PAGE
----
TOM: Otherwise, you’re just going to back up and pond.
ROGER: It’ll come right out the end of the downspout.
TOM: Let’s talk about more difficult yard-drainage problems to deal with. Let’s say you have a yard that slopes into your building. Perhaps it’s a bit flat when it gets near the foundation but you want to kind of intercept that runoff on the way. Can you construct a drain to do that?
ROGER: You can. You can go all the way around the building and dig a trench. Usually, I dig the trench so that it’s in a V-shape. Now you either use plastic or soil separator, lay it in the trench. And then in the bottom of the trench, I put a perforated pipe and I put stone on top of that, all the way to the surface.
TOM: You mentioned soil separator. What exactly is that? I’ve never heard that term.
ROGER: It’s a landscape fabric. And what it does is keep all the fines (ph) from getting into the stone, which is your main grading-drainage interior.
TOM: Keeps it all flowing.
ROGER: I like to think of the curtain drain as being out in the yard intercepting water or taking water from a low point. I think of a French drain as something that’s either just outside or inside the basement of the house and takes the water out away from the house.
TOM: Yeah, that’s a good point. Very often, folks that are trying to solve wet-basement problems will put French drains in where they dig out the interior foundation perimeter of a basement, put in the pipes and the pumps and try to pull the water out. But I always advise that if you stop the water from getting that close to the house to begin with by extending those gutters and intercepting runoff, you really never need to take that step.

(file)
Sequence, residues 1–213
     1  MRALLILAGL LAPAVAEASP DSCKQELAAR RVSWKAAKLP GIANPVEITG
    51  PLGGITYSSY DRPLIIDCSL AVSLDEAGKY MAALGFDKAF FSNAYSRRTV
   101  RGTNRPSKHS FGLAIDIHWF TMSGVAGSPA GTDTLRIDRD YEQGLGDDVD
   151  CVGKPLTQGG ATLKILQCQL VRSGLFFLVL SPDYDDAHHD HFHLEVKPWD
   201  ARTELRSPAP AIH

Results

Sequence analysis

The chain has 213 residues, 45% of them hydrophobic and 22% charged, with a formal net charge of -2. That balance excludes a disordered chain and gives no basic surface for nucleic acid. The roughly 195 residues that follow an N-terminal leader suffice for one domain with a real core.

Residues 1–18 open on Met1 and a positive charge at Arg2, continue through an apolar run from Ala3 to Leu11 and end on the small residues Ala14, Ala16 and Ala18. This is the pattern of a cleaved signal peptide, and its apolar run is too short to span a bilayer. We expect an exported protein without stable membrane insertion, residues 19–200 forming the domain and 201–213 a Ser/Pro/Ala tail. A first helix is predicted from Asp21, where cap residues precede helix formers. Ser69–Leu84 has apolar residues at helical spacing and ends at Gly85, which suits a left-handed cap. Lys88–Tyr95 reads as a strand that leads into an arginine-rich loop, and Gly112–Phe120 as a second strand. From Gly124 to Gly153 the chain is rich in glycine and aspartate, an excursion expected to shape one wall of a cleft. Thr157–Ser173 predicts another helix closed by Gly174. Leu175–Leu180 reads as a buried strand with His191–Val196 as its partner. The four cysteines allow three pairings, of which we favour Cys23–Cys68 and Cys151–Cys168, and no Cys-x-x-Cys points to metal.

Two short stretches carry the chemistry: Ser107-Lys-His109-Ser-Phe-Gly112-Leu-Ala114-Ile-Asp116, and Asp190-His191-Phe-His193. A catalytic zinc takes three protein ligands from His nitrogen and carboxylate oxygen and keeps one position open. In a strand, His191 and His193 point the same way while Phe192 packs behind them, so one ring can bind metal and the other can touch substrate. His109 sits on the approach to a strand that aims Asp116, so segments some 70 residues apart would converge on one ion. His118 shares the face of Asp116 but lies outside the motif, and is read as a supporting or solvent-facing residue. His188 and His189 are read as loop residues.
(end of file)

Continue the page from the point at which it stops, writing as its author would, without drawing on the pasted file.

ROGER: Well, the other thing with the pump system, the power usually goes out when it’s raining the hardest, right?
ROGER: So then our pump’s not going to pump out any water.
LESLIE: You know, Roger, regardless of what you want to call it or where you put it, these seem like really involved projects. So are there any things that you might suggest as a trick of the trade, maybe a timesaver?
ROGER: Well, there is one new thing that’s come on the market that I haven’t tried yet but I’m looking forward to. And it’s a piece of pipe with foam peanuts around it and then mesh. And it comes with a pipe internally and you just dig out and put them down and snap them together and the whole system’s in place. So it saves a lot of labor.
TOM: Oh. So very cool. So it’s sort of an all-in-one way to create the drain. Instead of putting in the layers of different material, it’s all in one piece.
TOM: Fantastic. Roger Cook, the landscaping contractor on TV’s This Old House, thank you so much for stopping by The Money Pit.
ROGER: Thanks for having me.
LESLIE: Alright. And you can catch the current season of This Old House and Ask This Old House on PBS. For local listings and step-by-step videos of many common home improvement projects, visit ThisOldHouse.com.
TOM: And This Old House is brought to you on PBS by State Farm. Like a good neighbor, State Farm is there.